[In case you have yet to master Arabic numerals, this is the SECOND part of my From Software First Person Retrospective. Part one is this a way.]
Aiming to refine their craftmanship and make some dosh, From Soft decided to start working on a sequel to King's Field almost immediately after the first. This time aiming for a western release as well, courtesy of ASCII.
King's Field 2 was Originally released on July 21st 1995 (Six months after King's Field!) in Japan. It was then published in the states later on December 31st and Europe got it a mere day later ( Do you hear me Atlus? One! Day! Later!) They also filed of the 2 from the name, thinking they could sell better by pretending this was the first game. Only 90s kids will remember this particular practice.
Is it a law that Europe gets the best cover art? It should be.
As I mentioned before, KF2 is the Dark Souls to KF's Demon's Souls. They took the basic ideas of the first, expanded upon them, improved the level design and introduced Seath as a character. Being the sexy sequels that they are, they also attracted more attention in magazines. Let's look at some and learn a thing or two. But due to my limited research-budget, we will have to make do with a Gamespot Review from 1996 and an old, angry Gamefaqs user-review from 1999.
The gamespot review praises the game for its atmosphere, simplicity and sense of adventure, while harping on the graphics a bit ( compared to the magnificent photorealism of Playstation games in 1996, KF2 is potato mash). The user-review on the other hand (which I may or may not have cherry-picked) declares the game as one of the worst on the Playstation. He calls it ugly, uncool, hard to control, lacking in comedy(KF3 actually tried humor, to limited success), drab and uncool. If you are a seasoned Souls-player then this dichotomy should ring some undead bells. The Net is full of heroes singing the praises of Dark Souls and plebians with factually( Yes factually. Ask my uncle, he works at Nintendo) wrong opinions calling it fucking bullshit bad and unfair. Just like with King's Field decades ago. Dark Souls is of course the better game, but why do they share this fate?
The answer is a simple one. These are demanding games that respect the players abilities. As such not everyone can enjoy them. Something, something different strokes. In order to convey how such a dichotomy arises, I have prepared something special. It's a video detailing all the fun shenanigans one can run into at the start of King's Field 2. I'll be referring to it a bit later, so drink it in.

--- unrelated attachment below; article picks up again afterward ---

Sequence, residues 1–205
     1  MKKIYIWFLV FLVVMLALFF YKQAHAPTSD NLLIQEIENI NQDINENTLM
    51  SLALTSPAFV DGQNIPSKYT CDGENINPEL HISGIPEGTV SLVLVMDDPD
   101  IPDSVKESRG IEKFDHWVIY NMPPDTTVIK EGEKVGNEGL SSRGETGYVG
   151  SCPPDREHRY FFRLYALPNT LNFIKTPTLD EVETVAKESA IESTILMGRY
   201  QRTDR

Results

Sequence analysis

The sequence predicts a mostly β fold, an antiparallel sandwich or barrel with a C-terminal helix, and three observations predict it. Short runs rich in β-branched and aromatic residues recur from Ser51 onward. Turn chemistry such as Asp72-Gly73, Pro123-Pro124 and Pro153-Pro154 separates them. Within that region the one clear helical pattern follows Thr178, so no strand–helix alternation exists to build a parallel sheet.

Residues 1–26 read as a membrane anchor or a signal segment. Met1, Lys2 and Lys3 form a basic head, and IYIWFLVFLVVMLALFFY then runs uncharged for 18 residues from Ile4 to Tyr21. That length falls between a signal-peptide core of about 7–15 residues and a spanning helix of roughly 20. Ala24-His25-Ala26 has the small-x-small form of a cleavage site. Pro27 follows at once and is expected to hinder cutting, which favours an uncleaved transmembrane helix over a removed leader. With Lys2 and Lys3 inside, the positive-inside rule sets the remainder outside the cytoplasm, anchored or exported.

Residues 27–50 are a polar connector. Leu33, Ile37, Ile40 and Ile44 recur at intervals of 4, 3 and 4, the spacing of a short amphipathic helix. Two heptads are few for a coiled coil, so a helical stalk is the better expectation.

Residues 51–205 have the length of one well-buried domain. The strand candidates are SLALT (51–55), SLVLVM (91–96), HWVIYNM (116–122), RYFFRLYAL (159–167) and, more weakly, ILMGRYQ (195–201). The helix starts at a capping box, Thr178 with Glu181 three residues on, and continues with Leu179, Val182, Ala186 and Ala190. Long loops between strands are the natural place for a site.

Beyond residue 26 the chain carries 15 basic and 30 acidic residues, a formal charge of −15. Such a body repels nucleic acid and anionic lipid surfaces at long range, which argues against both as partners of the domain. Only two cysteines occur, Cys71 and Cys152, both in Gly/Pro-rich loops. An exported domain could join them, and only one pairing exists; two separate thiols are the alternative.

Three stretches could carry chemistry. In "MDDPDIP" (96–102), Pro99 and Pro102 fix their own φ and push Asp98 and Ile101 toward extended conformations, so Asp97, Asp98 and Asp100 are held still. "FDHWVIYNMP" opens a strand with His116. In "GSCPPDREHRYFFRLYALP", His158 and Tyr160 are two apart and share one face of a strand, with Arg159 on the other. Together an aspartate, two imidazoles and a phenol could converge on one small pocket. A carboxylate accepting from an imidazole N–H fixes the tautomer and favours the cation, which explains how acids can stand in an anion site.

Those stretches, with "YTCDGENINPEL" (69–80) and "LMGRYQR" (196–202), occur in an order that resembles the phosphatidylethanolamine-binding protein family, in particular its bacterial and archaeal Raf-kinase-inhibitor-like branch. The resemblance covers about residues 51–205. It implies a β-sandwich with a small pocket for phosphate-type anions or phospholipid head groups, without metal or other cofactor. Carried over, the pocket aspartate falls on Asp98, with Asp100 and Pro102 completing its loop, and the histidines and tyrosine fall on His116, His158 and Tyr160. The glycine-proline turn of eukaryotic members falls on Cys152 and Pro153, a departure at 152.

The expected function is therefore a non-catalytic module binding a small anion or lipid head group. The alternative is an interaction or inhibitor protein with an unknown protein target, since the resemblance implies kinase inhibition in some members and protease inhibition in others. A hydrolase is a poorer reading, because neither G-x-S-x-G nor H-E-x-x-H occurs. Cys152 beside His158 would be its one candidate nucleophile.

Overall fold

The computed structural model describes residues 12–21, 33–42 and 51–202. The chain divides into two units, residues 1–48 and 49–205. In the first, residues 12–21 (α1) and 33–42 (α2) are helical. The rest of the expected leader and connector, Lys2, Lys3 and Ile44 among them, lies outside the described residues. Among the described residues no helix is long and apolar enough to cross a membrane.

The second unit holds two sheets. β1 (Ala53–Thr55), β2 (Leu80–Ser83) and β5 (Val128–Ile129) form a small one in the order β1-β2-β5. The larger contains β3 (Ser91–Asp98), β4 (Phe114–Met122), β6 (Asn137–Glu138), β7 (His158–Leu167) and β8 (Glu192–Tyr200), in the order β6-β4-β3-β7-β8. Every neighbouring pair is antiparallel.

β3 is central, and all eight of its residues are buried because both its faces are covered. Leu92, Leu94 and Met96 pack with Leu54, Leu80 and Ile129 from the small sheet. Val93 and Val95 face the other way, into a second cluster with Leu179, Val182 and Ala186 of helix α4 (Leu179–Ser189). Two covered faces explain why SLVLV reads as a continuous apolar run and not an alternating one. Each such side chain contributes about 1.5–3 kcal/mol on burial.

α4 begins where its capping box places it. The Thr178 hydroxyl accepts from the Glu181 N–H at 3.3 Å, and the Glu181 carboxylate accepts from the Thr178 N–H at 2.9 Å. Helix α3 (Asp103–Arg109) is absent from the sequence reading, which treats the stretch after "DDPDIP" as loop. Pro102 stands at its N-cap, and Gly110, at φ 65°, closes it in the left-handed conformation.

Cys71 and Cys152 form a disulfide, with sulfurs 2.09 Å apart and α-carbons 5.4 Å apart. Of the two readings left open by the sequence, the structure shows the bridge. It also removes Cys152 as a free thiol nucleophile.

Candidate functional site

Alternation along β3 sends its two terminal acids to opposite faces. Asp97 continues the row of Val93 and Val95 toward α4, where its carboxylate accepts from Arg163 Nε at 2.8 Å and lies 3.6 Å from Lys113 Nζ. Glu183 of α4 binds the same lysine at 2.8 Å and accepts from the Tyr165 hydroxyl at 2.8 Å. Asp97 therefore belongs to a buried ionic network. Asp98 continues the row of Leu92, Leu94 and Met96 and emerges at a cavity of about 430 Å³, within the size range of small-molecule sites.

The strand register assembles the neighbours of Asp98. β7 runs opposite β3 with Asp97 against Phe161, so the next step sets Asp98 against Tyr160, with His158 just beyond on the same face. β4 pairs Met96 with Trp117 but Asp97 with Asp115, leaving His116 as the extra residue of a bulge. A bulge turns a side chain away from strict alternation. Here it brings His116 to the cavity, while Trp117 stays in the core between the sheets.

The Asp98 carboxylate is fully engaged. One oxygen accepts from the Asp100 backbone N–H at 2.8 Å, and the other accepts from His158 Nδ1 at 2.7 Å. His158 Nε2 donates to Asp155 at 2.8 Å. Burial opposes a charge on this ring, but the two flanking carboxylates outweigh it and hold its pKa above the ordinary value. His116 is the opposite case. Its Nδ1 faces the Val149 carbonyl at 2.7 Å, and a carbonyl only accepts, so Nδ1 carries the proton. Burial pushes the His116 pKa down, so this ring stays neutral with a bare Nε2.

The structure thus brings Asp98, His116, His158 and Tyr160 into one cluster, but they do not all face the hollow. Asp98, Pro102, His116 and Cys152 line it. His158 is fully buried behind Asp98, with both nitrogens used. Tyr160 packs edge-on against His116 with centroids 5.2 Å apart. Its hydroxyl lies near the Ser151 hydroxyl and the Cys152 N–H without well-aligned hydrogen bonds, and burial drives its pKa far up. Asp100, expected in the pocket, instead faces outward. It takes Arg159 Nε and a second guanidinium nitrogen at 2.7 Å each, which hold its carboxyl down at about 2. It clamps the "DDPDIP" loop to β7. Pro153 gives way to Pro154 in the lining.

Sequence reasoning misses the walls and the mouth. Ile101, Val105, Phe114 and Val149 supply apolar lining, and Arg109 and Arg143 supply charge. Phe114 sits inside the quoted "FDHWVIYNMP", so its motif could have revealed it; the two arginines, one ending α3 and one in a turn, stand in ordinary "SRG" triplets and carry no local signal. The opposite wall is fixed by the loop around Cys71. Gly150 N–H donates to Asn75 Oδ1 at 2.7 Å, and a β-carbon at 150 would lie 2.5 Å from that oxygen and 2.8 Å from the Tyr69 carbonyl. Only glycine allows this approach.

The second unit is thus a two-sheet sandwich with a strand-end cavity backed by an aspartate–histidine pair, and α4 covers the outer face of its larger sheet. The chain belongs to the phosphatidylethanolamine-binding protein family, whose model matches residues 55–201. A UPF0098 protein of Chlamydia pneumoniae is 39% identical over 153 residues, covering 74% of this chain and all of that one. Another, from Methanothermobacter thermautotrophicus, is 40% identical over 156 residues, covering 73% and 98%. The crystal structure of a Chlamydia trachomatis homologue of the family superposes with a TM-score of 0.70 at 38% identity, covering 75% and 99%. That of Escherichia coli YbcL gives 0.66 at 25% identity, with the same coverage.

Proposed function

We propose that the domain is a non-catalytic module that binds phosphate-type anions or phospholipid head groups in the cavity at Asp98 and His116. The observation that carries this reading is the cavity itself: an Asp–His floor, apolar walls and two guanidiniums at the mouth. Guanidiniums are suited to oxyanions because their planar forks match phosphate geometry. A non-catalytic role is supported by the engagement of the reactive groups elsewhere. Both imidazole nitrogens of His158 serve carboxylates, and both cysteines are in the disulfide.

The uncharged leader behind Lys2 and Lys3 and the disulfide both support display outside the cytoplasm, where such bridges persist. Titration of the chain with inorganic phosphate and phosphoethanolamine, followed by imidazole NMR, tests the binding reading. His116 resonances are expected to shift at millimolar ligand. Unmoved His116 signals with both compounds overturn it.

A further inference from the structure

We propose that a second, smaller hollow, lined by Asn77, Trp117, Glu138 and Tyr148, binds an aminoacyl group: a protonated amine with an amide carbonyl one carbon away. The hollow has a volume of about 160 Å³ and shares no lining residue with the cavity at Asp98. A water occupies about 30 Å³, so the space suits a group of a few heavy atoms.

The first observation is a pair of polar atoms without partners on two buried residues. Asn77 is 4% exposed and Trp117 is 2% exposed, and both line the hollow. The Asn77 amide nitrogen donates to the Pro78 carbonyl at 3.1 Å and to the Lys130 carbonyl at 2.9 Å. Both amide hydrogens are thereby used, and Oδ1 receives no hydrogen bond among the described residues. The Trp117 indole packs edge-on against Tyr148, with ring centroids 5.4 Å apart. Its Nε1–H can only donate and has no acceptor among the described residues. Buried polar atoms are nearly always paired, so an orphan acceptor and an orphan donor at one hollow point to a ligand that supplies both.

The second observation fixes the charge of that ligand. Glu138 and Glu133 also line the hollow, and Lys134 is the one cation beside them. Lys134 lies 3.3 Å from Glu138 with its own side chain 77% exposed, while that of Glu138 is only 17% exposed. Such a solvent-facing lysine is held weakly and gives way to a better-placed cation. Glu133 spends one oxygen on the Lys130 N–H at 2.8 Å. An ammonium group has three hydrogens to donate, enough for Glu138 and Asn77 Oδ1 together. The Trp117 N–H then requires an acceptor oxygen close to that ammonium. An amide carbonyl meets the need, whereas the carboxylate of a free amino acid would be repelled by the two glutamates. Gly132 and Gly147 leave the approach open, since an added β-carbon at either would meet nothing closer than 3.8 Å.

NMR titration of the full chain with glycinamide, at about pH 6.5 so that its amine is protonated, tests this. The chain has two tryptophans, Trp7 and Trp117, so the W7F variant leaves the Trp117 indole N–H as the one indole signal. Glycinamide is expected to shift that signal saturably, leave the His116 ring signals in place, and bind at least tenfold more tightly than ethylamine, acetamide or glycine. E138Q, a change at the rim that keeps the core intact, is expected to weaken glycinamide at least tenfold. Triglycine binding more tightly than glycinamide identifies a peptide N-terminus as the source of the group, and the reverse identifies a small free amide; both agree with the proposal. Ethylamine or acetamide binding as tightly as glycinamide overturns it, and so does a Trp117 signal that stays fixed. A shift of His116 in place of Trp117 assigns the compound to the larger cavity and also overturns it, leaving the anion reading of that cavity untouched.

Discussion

LOW DEFINITION 15FPS GAMEPLAY|| KINGS FIELD 2!??!!!
The first thing I should mention is how KF2 presents its story compared to the first one. It distances itself from normal linear storytelling just like Dark Souls did going from Demon's Souls. Instead we get an opening narration, some notes in the manual and a whole heap of lore. The plot can almost be diluteted into ”Alexander goes to the island of Melanat to find the moonlight greatsword”. There is a bit more I don't wanna spoil yet, but that's the gist of it. As there is so little concrete story to discuss I'll just meld the story & game discussions and just go area by area. I'll also use some down time to talk about some things general to the series that I skipped before hand.
Alexander, the second prince of Granatiki and life long friend of king Jean Alfred Forrester (Still such a boss name) has been tasked by his highness to retrieve the stolen moonlight sword. I think it was stolen by the villain, Necron. But I'm not too sure.
And this right here is one of the things that makes it so interesting to write this retrospective. These games are so old and niche that I can't just look up an answer to everything. The stats required for sword magic in KF was something I deduced myself (not that tall of an order, I know) using some sparse gameguides for support. And I still have no idea what the ground bell is used for. Compare that to Dark Souls 3 now, where EVERYTHING has been catalogued. From cut weapons and movesets to stats and secret dialogue. I prefer that the information is available, but there is something special about drawing conclusions from incomplete information. I think this is the feeling that From wants to convey with their RPGs, to make sense of an uncaring world. As such, don't be mad if I trip up some lore. I am writing this mostly from memory of a playthrough a few weeks back. Besides, I doubt there are many King's Field loremasters out there to correct me anyway. I could tell you that Seath is fact a Gundam and you'd have no choice but to believe me. But I won't tell you that, that'd be silly.